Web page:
Amelia's Jewel set to become Australia's 'sexiest' racehorse.

Written by Bruce Clark, Racenet.


There were 34,604 racehorses listed as active in Australia last season, so says Racing Australia's expansive "Fact Book". They ran in some 19,026 races for near on $900m in prizemoney, and a fair proportion of them not getting much of that.

It tells you racing is a very big industry, but as Les Carlyon once pointed out, so is packaging, "yet no one stands alongside a production line to applaud a cardboard box that they think happens to be rather better than other cardboard boxes".

He suggests no-one ever left the racetrack either saying – "I enjoyed watching the industry today."

In the end we are indeed "here for the horses", and then those who ride, train, own and care for them.

Sometimes a rare jewel comes along. And that is what keeps the game ticking, the industry purring and the fans cheering.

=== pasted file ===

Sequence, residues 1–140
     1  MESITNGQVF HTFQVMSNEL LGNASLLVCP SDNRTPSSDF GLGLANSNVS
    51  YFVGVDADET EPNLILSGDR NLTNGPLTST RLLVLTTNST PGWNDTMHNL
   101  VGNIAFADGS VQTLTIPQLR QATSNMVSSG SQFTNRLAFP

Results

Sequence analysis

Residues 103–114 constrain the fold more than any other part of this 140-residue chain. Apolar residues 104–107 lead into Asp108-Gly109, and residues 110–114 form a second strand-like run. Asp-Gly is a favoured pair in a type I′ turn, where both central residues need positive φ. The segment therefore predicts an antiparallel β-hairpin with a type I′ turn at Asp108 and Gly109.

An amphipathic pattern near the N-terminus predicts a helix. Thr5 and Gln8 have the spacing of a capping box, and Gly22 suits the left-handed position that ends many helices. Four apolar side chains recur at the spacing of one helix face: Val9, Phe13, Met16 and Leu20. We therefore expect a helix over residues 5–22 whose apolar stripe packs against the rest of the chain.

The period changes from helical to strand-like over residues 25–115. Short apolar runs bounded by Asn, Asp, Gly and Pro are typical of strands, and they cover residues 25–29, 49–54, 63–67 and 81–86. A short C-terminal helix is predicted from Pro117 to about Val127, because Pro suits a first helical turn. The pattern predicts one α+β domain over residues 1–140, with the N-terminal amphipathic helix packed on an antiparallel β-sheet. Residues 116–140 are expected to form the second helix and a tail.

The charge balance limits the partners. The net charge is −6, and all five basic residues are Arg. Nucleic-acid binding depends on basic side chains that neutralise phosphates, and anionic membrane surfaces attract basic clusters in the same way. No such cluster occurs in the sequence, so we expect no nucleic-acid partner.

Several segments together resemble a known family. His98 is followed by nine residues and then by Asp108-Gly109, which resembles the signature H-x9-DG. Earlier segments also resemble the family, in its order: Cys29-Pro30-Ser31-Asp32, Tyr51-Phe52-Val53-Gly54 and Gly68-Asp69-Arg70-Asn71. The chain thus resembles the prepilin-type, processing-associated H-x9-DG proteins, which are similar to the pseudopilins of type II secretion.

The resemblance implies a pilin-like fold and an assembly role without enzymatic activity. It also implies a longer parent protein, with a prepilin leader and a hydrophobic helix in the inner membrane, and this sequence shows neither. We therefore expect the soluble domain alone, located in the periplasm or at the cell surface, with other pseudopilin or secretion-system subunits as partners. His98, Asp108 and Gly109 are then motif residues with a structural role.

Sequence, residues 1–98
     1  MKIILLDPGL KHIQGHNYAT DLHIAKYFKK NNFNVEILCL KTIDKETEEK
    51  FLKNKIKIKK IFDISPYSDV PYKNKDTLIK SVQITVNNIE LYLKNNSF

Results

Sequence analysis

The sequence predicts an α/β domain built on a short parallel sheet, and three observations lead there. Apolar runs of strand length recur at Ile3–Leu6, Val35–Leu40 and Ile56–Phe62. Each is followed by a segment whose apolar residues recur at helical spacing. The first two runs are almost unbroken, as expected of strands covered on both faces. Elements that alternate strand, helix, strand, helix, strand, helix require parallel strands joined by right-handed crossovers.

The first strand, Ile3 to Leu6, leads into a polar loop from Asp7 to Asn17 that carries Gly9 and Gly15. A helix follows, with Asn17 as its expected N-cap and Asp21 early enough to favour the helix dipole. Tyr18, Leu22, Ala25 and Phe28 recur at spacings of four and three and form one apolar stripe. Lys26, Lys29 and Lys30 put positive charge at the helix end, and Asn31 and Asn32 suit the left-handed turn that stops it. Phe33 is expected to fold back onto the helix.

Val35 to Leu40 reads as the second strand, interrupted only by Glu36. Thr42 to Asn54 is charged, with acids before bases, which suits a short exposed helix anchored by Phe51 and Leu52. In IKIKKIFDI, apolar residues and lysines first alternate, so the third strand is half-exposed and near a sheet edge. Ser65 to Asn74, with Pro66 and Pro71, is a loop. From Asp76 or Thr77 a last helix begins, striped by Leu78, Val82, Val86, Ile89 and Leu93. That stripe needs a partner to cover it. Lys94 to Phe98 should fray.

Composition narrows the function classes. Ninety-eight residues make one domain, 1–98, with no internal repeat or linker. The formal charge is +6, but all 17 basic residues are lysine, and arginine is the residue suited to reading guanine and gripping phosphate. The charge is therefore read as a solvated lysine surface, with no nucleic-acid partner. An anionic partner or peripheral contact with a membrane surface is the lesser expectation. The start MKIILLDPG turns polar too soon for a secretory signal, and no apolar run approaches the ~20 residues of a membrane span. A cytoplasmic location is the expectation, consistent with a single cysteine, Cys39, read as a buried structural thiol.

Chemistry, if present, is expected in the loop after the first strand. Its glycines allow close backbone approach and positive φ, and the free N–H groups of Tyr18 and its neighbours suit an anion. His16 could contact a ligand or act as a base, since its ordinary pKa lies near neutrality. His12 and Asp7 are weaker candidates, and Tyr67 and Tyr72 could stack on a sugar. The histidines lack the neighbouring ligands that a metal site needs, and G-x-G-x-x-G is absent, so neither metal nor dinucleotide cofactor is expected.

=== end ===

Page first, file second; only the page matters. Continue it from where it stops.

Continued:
It perhaps explains away a little why in a Melbourne restaurant at 7.45pm on a Saturday night a table is locked into their phones to watch racing's latest star, Amelia's Jewel, win the Group 1 Northerly Stakes some 3500km away and with that a three-hour time difference.

The racing "industry" has been spoilt with real box office stars like Black Caviar and then Winx and another aspiring headline talent is not meant to earn nomination for such adulation so soon, but the Amelia's Jewel script is so rich from supporting players like trainer Simon Miller, owners Peter and Annie Walsh and jockey Pat Carbery, that is she already has earned five-star reviews.

                                             Pat Carbery celebrates his Group 1 Northerly Stakes win aboard Amelia's Jewel (Western Racepix).

As good as Team Black Caviar and Team Winx were for the sport and sharing the ride, so too it seems Team Amelia will be and what a ride they can take themselves on with us fans engaged.